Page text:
Lung function after exposures to pollutants on Day 1

Fifteen subjects completed all four of the Day 1 pollution exposure scenarios. In these subjects, decreases (relative to their pre-exposures values) in FEV1 were not observed immediately after exposure to either FA or whole DE (Figure 2A). Measurement of lung function revealed no decrement in DE or air exposed subjects for up to 4 hrs post-exposure. Exposure to O3 induced an average decrement of 9.9 ± 2.5% measured immediately post-exposure (p < 0.05 vs air exposure). Exposure to the combination of O3 and DE induced a decrement of 17.6 ± 4.6% and was statistically different from both air and O3 alone exposure (p < 0.01). A greater than additive effect of the DE and O3 exposure (arm d) on FEV1 was examined by statistical comparison to the FEV1 changes following O3 (arm c) added to the change following DE exposure (arm b). The analysis had a p value of 0.057, close to statistical significant. FEV1 values returned to pre-exposure values by 4 hr post-exposure in the O3 and DE + O3 groups at similar rates.
Figure 2

Changes in FEV1 (A) and FVC (B) after Day 1 pollutant exposures. Subjects performed pre-exposure spirometry immediately before a 2 hr exposure (filtered air, O3, DE, or DE + O3). Spirometry was performed immediately post-exposure and every hour post-exposure for 4 hr. FVC Data in (B) derived from the immediately post time point only. Data in the figure are presented as the mean ± SEM of each group at that time point. *p < 0.05 vs air exposed; **p < 0.05 vs O3 exposure alone; ‡ p = 0.057 vs the sum of the O3 plus DE exposure FEV1 changes using Mixed Effects Model testing as described in the materials and methods section.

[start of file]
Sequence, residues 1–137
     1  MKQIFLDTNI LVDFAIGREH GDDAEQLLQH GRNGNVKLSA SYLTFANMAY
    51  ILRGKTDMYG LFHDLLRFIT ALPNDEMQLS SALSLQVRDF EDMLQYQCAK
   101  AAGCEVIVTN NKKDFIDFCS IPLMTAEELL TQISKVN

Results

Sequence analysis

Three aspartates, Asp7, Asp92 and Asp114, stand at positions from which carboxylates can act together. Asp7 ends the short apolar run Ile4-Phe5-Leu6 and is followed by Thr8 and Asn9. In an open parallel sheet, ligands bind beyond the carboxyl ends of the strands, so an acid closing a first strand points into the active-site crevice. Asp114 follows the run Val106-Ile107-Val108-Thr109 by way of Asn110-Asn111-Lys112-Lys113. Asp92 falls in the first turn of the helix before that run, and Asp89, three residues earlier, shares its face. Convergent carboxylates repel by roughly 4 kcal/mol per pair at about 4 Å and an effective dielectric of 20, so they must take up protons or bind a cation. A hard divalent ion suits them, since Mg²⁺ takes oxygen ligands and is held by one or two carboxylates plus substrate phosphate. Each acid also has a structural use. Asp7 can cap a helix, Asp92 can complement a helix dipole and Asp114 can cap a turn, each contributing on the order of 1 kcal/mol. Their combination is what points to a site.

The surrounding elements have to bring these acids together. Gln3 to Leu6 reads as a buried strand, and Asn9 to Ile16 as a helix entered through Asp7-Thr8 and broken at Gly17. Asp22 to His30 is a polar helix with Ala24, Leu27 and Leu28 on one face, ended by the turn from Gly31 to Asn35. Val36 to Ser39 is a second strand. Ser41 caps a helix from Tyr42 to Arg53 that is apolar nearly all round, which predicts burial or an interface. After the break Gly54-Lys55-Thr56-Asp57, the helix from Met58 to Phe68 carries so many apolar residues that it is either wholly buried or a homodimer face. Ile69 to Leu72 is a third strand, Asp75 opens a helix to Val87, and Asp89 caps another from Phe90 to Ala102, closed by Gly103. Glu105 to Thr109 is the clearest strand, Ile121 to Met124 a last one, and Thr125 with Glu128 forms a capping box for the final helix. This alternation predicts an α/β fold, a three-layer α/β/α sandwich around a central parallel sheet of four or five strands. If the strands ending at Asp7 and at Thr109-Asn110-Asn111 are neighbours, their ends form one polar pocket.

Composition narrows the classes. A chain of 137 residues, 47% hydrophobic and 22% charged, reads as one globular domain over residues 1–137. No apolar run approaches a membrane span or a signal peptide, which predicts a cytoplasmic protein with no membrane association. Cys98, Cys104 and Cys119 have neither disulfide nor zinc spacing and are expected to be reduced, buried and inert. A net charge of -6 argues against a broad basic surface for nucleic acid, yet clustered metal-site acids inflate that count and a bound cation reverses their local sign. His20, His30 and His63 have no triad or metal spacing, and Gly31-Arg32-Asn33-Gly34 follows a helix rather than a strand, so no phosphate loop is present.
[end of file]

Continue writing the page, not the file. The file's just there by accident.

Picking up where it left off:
Among the Day 1 exposures statistically significant (p < 0.01) FVC decrements were observed in O3-exposed subjects (8.7 ± 2.3%) and DE + O3 exposed subjects (11.8 ± 3.0%) immediately post-exposure compared to FA exposures (Figure 2B). The FVC decrements immediately post O3 compared to post DE + O3 exposure were not statistically different (p = 0.10), nor was greater than additive effects observed when FVC changes in arm d were compared to the sum of FVC changes post O3 and DE. Exposure to either air or DE alone did not alter FVC from pre-exposure values. FVC values returned to pre-exposure levels by 4 hrs post-exposure for all exposure groups with no difference in the recovery rate (data not shown).